Barely a month after Mascagni’s Cavalleria Rusticana reached New York in October of 1891, a production of that same opera was selling out in London and then received a special request – indeed, a command. Singers, musicians, crew and producer were to attend upon none other than Queen Victoria, the woman who had already given her name to the era. Their temporary venue would be Windsor Castle, and among the other eminences in the audience would be the Prince and Princess of Wales (later King Edward VII and Queen Alexandra), two of Victoria’s grown daughters (Princesses Beatrice and Louise), and the queen’s granddaughter Maud, who would later become Queen of Norway. The London producer, identified in the press as “Signor Lago” or (incorrectly) “Signor Tagos” of the Royal Italian Opera Company, was enjoying so much success that he had begun to stage the opera every night of the week at the Shaftesbury Theatre.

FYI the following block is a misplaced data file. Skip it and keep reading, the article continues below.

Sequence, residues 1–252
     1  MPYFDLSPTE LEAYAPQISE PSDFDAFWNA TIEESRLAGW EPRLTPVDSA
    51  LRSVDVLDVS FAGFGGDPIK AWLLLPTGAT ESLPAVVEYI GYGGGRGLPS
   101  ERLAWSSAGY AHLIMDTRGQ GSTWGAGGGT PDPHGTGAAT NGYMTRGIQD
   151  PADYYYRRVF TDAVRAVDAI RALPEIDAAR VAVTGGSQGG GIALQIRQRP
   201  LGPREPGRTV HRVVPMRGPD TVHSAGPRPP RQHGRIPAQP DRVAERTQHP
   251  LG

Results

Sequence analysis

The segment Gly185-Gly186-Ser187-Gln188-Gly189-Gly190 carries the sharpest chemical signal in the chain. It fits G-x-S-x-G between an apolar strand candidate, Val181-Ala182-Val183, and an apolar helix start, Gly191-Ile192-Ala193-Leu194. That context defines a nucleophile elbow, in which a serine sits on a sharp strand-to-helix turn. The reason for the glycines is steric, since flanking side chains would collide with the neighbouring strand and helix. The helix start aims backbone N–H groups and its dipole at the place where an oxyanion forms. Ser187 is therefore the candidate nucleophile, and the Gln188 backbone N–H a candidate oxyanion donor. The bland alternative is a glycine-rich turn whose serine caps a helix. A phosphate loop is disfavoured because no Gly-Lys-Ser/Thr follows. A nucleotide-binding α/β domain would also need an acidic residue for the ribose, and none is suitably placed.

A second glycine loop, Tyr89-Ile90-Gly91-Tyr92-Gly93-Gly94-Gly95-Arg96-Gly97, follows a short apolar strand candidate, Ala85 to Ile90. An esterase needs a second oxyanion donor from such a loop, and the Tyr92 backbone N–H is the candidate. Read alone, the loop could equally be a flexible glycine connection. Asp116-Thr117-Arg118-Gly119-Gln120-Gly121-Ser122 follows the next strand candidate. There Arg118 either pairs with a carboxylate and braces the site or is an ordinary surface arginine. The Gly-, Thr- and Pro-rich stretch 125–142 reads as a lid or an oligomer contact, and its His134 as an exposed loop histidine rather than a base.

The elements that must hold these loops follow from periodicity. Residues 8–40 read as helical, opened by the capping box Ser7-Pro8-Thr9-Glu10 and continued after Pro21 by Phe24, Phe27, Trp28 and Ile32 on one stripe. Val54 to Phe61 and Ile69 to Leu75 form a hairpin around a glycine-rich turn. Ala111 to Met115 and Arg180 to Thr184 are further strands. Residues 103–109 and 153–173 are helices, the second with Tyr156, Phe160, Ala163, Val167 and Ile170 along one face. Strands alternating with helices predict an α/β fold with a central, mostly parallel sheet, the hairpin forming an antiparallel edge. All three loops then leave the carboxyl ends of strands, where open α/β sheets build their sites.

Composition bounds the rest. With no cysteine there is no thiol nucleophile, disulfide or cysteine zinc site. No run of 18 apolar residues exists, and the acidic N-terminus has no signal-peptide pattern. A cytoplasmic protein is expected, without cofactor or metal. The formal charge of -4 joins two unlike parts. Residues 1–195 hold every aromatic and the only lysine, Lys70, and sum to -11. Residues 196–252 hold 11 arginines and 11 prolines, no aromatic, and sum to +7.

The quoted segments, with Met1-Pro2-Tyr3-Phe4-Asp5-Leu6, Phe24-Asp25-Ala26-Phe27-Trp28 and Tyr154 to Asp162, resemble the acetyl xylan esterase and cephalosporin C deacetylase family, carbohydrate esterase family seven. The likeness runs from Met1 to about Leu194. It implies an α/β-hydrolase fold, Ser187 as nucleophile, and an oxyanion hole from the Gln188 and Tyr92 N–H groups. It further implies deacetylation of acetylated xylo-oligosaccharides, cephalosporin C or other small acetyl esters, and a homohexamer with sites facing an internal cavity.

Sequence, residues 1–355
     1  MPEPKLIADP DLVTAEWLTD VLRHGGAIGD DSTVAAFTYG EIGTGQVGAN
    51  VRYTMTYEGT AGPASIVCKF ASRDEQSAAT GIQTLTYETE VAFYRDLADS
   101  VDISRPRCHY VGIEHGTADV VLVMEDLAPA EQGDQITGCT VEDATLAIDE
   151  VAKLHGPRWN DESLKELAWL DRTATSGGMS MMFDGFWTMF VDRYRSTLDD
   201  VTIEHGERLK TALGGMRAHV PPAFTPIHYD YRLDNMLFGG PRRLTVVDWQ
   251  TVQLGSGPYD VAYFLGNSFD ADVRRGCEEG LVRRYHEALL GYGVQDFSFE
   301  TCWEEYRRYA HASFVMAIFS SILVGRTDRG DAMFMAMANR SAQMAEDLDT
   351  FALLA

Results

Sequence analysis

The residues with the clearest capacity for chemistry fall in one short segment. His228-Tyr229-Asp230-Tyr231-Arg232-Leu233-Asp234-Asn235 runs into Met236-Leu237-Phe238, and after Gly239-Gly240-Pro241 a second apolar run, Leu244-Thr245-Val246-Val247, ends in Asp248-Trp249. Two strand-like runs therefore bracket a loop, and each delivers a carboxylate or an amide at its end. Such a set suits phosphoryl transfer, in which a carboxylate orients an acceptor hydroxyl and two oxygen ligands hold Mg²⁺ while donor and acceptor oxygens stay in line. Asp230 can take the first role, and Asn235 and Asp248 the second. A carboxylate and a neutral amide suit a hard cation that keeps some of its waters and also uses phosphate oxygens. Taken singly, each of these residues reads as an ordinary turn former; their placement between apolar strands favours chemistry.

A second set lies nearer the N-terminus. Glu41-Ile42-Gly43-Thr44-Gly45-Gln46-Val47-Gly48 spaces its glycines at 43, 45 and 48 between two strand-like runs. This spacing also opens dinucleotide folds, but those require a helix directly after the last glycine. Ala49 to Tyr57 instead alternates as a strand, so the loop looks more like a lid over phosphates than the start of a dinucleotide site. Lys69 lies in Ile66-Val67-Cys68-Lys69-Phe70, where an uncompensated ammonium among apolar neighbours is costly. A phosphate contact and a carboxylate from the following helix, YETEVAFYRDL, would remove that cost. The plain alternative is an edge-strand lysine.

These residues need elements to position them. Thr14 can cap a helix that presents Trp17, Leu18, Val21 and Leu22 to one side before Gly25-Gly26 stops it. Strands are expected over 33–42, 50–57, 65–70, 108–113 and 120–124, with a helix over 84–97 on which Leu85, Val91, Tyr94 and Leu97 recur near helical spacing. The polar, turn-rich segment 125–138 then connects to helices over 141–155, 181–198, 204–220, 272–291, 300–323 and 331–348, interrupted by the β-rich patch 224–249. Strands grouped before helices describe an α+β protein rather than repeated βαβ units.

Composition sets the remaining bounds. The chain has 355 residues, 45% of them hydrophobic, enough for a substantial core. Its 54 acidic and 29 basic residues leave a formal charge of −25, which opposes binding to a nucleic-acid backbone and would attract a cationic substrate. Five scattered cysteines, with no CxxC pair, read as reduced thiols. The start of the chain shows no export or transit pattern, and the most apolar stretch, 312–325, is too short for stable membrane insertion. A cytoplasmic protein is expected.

News of the Victoria’s “command” generated stories and headlines here in the USA. The Washington Post commented that
"All of the scenery of the opera was transported from London and set up in the castle, and the opera was produced with the most punctilious regard to every detail."
The New York Times added a further note that Cavalleria was taking the place of Sir Arthur Sullivan’s Ivanhoe, which had originally been scheduled to enjoy a royal viewing. This substitution was blamed on the size and bulk of the Ivanhoe scenery – but could some other factors have been involved?